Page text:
What is even worse, the Bulgarian army has made no advances. In some cases they engaged blindly in combat, fell into traps and sacrificed in vain. On the other side the Bulgarian command constantly states that their army is fighting courageously and that it has liberated Macedonian towns and villages. As if the Macedonian army were asleep or cooperating with the Bulgarian army only from time to time. What irony! Shameless Bulgarian reports state that the Bulgarian army has liberated Strumica. And in all truth the Bulgarian artillery was still around Novo Selo and Palazi when our flags flew over Strumica. Moreover, the Bulgarian report today states that the Bulgarian army with the assistance of a few companies of the Macedonian army liberated nothing less than Valandovo, Dojran, Udovo, Radovsh and Shtip! And the truth is that the Bulgarian troups since entering Strumica did not budge from there and as for Shtip the chief of headquarters of 4th Army warmly thanked Comrade Popovich[9] when he informed him of the liberation of Shtip, some ten hours after our troups entered the town. However, the Bulgarian report states: "After ten days of combat army has liberated Shtip with the assistance of the Macedonian army …" While even now the Bulgarian army is still in the region of Krupishte! ! !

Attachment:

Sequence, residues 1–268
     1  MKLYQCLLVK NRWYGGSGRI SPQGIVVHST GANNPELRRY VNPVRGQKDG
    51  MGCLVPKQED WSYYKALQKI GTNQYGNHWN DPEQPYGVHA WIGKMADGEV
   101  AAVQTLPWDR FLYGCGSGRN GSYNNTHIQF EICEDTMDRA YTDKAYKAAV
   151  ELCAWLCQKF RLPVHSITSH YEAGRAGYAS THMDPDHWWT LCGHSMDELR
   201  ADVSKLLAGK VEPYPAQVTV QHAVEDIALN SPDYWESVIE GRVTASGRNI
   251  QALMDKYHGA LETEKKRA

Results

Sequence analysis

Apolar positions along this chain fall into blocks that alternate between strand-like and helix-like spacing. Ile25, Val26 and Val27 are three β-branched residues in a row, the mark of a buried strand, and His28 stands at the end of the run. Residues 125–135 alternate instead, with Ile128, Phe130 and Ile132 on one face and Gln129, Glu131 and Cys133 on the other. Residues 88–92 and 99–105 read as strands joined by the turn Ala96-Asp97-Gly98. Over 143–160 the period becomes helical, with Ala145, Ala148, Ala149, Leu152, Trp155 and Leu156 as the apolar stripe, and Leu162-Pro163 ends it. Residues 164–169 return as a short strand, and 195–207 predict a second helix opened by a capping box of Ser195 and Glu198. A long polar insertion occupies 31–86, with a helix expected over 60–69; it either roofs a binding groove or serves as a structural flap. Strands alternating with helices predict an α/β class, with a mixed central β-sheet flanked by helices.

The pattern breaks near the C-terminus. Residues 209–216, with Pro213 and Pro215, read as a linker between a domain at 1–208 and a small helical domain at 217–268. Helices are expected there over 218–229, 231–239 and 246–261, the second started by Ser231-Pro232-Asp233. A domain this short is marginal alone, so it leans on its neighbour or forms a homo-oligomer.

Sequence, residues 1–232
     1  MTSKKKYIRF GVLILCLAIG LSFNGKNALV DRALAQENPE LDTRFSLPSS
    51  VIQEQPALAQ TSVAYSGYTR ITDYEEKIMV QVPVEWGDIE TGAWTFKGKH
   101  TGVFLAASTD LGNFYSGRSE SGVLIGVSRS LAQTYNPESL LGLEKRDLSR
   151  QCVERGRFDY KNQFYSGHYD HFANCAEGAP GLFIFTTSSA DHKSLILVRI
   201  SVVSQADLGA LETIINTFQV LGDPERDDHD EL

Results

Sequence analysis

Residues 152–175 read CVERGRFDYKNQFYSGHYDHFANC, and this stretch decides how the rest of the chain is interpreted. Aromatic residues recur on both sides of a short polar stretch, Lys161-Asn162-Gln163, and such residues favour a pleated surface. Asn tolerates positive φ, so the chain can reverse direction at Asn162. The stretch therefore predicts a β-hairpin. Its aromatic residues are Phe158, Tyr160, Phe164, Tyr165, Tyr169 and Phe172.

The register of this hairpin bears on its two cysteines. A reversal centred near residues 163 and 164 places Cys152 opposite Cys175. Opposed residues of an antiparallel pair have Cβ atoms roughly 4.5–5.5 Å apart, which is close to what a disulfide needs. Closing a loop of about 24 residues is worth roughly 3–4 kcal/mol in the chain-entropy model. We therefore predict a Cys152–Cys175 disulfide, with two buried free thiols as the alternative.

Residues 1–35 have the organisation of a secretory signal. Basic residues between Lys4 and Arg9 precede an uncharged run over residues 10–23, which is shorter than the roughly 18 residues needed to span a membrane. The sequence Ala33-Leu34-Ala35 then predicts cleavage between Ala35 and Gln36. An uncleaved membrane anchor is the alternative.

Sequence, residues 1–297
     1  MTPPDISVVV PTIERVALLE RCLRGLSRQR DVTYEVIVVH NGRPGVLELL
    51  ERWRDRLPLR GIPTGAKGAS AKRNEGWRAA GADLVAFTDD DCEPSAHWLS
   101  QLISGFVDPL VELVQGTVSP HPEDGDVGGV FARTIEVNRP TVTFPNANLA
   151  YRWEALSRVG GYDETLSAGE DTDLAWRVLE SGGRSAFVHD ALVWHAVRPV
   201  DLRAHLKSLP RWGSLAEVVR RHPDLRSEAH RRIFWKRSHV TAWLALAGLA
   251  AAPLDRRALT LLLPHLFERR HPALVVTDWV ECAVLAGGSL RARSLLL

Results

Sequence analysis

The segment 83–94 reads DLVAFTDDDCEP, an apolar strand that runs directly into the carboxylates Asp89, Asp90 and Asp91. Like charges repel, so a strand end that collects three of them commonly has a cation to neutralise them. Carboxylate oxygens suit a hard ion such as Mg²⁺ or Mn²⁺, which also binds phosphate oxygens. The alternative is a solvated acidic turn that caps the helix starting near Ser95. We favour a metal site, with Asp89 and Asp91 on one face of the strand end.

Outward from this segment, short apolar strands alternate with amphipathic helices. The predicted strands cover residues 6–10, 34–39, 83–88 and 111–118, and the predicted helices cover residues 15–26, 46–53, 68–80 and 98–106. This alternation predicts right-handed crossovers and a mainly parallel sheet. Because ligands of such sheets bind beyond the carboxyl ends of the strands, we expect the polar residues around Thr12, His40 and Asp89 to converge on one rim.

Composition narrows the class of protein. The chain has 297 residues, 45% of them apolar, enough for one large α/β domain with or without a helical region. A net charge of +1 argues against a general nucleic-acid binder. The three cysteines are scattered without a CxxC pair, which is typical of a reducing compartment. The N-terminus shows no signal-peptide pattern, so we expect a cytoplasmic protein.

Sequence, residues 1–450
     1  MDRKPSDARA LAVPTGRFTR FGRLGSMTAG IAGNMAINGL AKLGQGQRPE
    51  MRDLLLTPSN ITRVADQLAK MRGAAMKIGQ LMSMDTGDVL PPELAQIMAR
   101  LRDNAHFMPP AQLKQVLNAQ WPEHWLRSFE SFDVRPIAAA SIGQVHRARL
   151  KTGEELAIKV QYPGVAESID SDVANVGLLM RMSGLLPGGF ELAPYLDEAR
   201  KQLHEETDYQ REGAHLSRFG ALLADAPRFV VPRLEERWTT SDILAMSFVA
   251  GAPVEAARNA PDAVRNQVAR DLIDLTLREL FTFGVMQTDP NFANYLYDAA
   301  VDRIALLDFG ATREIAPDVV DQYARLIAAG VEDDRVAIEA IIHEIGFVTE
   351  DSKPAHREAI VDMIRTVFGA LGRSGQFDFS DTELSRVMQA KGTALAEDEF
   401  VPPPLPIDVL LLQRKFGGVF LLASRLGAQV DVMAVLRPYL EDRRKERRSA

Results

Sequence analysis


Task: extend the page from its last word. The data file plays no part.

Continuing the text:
We consider that this should not remain so. Ljubcho spoke with General Kopchev over the telephone and told him that this should be corrected but he in turn with arrogance replied that complaints should be forwarded in written form and supported with documents and that such an issue cannot be resolved over the telephone. Because of this we sent a telegram to you and another telegram to Miliovski which reads as following: "Most resolutely we deny the news of the Bulgarian Command that the Bulgarian army has liberated Strumica, Valandovo, Dojran, Gevgelija and Shtip. The Bulgarian troups are still ten kilometers away from Stip. The 4th Army Headquarters were informed of the liberation of Shtip ten hours after its actual liberation and they were informed by our headquarters. You should protest to the Ministry of Army in Sofia as well as to the Soviet Command. Enough of these false reports Ljubcho."